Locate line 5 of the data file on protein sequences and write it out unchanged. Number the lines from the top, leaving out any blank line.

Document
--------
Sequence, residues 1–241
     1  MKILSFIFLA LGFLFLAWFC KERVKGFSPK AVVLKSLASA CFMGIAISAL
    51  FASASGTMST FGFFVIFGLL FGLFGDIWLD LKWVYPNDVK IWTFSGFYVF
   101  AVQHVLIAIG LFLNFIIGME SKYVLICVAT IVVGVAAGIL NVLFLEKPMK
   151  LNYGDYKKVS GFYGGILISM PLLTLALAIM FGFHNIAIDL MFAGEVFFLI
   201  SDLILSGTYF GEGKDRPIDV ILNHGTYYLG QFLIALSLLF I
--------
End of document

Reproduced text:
   151  LNYGDYKKVS GFYGGILISM PLLTLALAIM FGFHNIAIDL MFAGEVFFLI